Original Title: 삼거리극장; Director: Jeon Kye-soo; Casts: Kom Kkot-bi, Chun Ho-jin, Jo Hee-bong, Park Joon-myeon; Country: South Korea; Year:2006


I remember wondering if Mr. Tolkien fancied these two words —because his hobbits did!— queer and unnatural, as they seemed to be everywhere in Lord of The Ring books. And I thought of those two words on Midnight Ballad for Ghost Theatre. No wonder there, since it was recommended to me as being Tim-Burtonesque.

Seo So-dan’s search for her grandmother takes her to a movie theatre. Waiting for the grandmother to show up, she works at the theatre, befriends the staff, and learns the theatre’s secret.

Midnight Ballad for Ghost Theater (via Wikipedia)

Since I hadn’t had the slightest idea and expectation —err, it had been a case of random pick-a-boos!— I didn’t know how to respond to it on first viewing. It surprised me all along. A musical ghost film that thankfully is not horror though uneasiness constantly flits around, and overall a dark comedy. It is a bit eerie and jarring in colour that makes everything seem surreal and normal ones singular.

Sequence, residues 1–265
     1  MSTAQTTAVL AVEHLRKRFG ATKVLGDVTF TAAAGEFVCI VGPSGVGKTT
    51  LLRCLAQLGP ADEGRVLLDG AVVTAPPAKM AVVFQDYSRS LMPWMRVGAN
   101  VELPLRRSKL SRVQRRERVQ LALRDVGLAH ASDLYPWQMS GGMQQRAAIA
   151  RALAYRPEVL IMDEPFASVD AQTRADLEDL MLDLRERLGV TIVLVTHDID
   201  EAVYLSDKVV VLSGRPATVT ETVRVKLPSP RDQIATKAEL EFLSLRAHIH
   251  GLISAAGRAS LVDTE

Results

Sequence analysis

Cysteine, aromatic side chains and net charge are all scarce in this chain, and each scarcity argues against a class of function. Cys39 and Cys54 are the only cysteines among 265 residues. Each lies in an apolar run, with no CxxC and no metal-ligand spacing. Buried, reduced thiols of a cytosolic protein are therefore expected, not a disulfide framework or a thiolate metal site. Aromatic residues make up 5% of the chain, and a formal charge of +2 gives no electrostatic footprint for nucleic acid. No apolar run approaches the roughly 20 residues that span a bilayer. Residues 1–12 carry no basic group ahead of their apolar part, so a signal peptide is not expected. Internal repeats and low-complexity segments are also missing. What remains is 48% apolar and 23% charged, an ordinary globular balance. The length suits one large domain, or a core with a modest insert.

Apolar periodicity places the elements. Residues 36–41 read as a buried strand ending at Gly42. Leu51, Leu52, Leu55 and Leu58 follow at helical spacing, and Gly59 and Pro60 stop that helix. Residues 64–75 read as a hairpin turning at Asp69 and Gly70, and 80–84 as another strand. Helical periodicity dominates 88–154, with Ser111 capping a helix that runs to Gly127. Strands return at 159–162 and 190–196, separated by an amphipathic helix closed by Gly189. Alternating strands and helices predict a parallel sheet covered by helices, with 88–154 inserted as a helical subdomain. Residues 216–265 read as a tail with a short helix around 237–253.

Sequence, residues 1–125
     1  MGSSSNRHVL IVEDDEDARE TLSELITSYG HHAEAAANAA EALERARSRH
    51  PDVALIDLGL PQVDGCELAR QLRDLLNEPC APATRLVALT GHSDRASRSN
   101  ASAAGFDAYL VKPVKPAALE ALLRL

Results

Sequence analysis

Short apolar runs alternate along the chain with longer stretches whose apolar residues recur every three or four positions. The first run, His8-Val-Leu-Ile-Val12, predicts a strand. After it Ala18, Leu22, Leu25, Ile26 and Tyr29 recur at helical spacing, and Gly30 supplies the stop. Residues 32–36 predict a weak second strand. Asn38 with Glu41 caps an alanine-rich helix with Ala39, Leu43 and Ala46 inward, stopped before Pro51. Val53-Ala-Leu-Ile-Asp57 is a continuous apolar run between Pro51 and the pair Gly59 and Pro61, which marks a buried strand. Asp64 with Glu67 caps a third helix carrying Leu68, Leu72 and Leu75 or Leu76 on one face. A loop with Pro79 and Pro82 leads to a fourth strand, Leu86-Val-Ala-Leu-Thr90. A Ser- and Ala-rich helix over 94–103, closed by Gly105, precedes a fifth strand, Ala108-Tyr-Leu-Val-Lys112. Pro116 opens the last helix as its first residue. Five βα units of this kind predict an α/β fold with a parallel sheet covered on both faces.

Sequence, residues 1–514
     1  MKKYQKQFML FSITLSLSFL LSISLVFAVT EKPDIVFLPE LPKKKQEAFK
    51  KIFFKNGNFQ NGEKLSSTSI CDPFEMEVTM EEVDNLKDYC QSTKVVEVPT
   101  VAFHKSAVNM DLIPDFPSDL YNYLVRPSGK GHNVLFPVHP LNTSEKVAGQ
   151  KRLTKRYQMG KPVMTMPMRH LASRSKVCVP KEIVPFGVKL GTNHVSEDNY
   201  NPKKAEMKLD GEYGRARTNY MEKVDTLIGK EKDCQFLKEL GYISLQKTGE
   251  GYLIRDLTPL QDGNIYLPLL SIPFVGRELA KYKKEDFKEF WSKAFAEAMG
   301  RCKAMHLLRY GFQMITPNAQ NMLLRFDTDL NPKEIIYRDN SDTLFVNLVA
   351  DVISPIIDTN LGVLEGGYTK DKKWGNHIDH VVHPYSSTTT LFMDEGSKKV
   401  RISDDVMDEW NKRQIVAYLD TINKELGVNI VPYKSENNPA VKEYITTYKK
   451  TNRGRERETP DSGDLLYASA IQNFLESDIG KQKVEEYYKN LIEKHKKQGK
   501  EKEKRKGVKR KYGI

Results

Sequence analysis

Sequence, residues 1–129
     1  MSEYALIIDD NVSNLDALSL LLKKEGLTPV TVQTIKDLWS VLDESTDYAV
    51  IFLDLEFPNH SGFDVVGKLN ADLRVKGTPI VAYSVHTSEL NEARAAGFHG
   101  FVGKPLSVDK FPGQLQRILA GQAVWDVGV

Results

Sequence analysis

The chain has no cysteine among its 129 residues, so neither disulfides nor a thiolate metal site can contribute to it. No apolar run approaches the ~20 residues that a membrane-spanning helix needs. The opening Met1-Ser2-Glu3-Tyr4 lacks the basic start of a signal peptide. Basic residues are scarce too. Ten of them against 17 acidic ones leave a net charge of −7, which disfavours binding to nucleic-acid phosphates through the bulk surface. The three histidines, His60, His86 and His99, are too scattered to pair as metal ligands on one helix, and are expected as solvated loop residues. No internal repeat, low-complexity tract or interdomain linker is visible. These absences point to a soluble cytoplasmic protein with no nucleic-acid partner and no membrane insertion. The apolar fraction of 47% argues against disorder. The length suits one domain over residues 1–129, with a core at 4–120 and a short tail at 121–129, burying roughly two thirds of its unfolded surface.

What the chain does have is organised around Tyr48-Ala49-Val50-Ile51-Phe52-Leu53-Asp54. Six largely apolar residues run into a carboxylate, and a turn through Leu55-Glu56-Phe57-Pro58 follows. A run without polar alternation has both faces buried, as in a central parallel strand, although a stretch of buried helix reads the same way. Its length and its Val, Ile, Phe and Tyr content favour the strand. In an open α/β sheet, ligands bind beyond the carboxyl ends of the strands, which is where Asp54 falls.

I enjoyed it nonetheless, simply because I rarely find anything like it and I like mysteries and puzzle-solving. I love quirky characters even more. As usually found in Korean films, there is a twist that, once struck, you’d want to poke someone and remark, “hey! that was a cheat!” and review the whole thing in a new light.

I don’t know why, but it made me miss The Addams Family, somehow.

Midnight Ballad for The Ghost Theatre — What keeps us alive?
  • Idea
  • Visual
  • Sound
  • Dialogue
  • Entertainment


Queer and wonderful with a touch of melancholy, and eerily entertaining.